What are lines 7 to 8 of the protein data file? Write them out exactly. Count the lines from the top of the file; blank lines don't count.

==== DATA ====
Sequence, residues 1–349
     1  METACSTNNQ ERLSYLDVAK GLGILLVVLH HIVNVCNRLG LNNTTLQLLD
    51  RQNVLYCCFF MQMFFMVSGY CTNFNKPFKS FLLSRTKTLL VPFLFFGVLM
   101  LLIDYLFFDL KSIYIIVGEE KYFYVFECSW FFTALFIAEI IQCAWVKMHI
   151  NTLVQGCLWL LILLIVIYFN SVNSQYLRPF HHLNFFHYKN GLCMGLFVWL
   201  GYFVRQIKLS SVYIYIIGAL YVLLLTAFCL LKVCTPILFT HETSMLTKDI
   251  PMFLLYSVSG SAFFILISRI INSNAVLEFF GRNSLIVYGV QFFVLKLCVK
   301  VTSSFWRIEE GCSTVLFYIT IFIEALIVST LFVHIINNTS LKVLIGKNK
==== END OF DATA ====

   251  PMFLLYSVSG SAFFILISRI INSNAVLEFF GRNSLIVYGV QFFVLKLCVK
   301  VTSSFWRIEE GCSTVLFYIT IFIEALIVST LFVHIINNTS LKVLIGKNK